Though he was probably joking when he claimed the sight of Damien Johnson's mask scared him, as it is difficult to imagine anything frightening Alex McLeish, the Birmingham City manager was being utterly sincere when he expressed his admiration for his 'Captain Courageous'.
Johnson returned to the Blues line-up at Arsenal on Saturday just two weeks after undergoing surgery following an incident in the last match of 2007, against Fulham, when he was elbowed in the head.
That clash left the 29-year-old with a fractured skull and meant he had to have the bone reset. The initial prognosis suggested the Northern Ireland international would be out for between four and six weeks, but he was back to his combative best at Emirates Stadium.
He wore a transparent protective casing throughout but snarled around Arsène Wenger's all stars with typical disregard for their reputations or his own safety.
With the heart of their team beating so strongly, Birmingham held on for the most unexpected of points as, individually and collectively, they gave the perfect response to the previous weekend's debacle.
One can only wonder that Huddersfield Town would have been summarily dismissed had Johnson been driving his men forward at the Galpharm Stadium.
What is clear, however, is that McLeish sees Johnson as integral to his line-up. Fabrice Muamba may be quicker, Mehdi Nafti might be more technically assured and Sebastian Lars-son is undoubtedly a better passer, but none of them have Johnson's attitude.
"Damien was a great leader among a lot of great characters on the pitch. He is my type of player, that's for sure," McLeish eulogised.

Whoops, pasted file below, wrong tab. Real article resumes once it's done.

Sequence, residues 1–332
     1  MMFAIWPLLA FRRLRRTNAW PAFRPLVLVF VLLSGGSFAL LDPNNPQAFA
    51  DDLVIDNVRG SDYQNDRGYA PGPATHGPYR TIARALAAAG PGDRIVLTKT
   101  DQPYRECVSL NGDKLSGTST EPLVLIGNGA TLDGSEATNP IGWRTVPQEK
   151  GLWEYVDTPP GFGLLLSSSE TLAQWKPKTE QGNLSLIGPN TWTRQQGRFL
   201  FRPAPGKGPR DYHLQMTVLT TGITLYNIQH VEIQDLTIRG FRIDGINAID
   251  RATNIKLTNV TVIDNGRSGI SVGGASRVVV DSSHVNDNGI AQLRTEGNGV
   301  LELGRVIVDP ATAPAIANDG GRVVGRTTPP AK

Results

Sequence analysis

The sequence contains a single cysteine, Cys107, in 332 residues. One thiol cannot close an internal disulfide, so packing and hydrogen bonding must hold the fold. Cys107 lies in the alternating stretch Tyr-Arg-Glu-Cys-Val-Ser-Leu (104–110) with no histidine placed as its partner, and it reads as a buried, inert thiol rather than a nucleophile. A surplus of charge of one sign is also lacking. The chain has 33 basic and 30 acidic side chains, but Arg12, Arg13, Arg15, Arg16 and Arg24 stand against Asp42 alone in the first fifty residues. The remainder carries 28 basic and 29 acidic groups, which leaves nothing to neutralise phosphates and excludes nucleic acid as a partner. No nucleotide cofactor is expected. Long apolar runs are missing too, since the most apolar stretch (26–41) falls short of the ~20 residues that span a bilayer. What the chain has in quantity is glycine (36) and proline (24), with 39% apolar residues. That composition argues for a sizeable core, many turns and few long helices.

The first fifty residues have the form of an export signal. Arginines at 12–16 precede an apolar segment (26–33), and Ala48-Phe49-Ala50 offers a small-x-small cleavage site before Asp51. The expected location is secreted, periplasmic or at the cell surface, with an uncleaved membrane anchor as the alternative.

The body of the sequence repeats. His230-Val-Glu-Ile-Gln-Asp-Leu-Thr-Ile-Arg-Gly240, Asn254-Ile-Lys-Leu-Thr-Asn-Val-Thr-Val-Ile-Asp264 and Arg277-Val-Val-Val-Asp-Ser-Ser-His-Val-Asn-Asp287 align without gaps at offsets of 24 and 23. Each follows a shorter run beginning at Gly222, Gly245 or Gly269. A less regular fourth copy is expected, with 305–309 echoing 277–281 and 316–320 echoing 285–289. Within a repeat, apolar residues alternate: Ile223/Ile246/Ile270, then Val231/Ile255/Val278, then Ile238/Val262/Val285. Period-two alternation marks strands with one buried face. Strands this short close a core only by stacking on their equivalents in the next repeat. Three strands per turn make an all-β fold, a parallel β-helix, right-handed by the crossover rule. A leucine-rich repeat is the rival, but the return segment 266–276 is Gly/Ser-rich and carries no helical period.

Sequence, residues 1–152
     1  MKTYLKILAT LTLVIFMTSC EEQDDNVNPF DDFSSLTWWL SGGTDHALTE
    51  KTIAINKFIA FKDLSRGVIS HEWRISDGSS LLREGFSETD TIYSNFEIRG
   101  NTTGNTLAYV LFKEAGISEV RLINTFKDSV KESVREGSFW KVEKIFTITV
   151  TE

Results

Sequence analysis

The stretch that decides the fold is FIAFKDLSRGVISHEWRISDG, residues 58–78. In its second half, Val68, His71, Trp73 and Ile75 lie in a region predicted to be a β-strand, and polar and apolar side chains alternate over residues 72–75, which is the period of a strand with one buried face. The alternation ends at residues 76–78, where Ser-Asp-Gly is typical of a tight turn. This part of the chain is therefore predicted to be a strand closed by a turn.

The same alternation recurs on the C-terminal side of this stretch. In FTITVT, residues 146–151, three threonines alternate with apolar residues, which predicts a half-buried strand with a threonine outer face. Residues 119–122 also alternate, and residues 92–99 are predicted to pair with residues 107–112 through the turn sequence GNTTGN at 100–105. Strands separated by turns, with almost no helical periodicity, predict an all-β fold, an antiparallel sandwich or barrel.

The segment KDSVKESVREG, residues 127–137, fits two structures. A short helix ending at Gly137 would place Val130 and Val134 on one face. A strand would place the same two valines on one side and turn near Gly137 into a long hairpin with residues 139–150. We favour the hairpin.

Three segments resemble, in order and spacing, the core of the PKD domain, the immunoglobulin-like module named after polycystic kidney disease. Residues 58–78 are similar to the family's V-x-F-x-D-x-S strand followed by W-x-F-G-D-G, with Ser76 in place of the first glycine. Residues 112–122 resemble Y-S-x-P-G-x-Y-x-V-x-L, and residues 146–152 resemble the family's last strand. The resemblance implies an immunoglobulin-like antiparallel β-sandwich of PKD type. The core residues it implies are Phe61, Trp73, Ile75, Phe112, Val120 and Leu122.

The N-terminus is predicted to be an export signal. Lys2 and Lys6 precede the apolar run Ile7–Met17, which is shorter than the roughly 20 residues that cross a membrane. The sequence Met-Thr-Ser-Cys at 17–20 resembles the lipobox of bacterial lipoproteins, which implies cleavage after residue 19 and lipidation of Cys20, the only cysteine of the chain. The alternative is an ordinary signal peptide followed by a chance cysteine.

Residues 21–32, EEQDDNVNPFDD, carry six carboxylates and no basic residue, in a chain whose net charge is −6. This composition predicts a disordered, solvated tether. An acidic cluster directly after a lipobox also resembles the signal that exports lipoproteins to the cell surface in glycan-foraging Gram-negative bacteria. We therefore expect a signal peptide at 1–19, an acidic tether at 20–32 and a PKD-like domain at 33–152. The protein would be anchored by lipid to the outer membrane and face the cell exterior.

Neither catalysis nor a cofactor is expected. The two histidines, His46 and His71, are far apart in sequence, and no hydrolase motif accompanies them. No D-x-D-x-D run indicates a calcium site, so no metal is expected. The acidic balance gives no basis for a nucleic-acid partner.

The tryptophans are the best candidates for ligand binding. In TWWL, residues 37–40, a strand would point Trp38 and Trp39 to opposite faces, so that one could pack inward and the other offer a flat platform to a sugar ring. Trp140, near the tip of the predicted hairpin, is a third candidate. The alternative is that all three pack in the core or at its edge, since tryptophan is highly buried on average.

"Not many players show that kind of bravery and I know many I've played with over the years would never even have contemplated playing with that."
What impressed the manager most was not so much the amount of work the midfielder got through, though to last the full 90 minutes after just five starts all season was admirable, but the way in which he forgot about his vulnerability.
Another blow in the same area did not bear thinking about yet there he was, putting his head where it shouldn't have been and his feet where they weren't wanted.
Even McLeish was surprised: "The medical team told me when he had his mishap that it might be a few weeks.
"He went through his operation which was successful and our physio said he should be back for the Arsenal game, but he will probably have to wear a mask. I was astonished to hear that, but the medical team have done a wonderful job."
Even so, with memories of the broken jaw that kept him out for two months in the nottoo-distant past, Johnson could have been forgiven for erring on the side of caution.
Certainly, McLeish would have understood. "A lot of players wouldn't have done it, but Damien has the heart and that kind of character that he was putting his body on the line.
"He actually headed a shot away and there was another one where we had pressure on Arsenal's box and there was a wholehearted header, I thought any other guy would have shrunk their neck.
"I played hundreds of times with an injury when I shouldn't have done. Most of the time, you get away with it but, once or twice, you regret it usually when you get a bad result." That wasn't the case, thanks in a large part to Johnson's display in London.
Speaking afterwards, he typically made light of the matter: "It wasn't a problem for me, as long as I didn't get any direct blows to it." Johnson said.
"It's not like I am some sort of hero, it's not about that."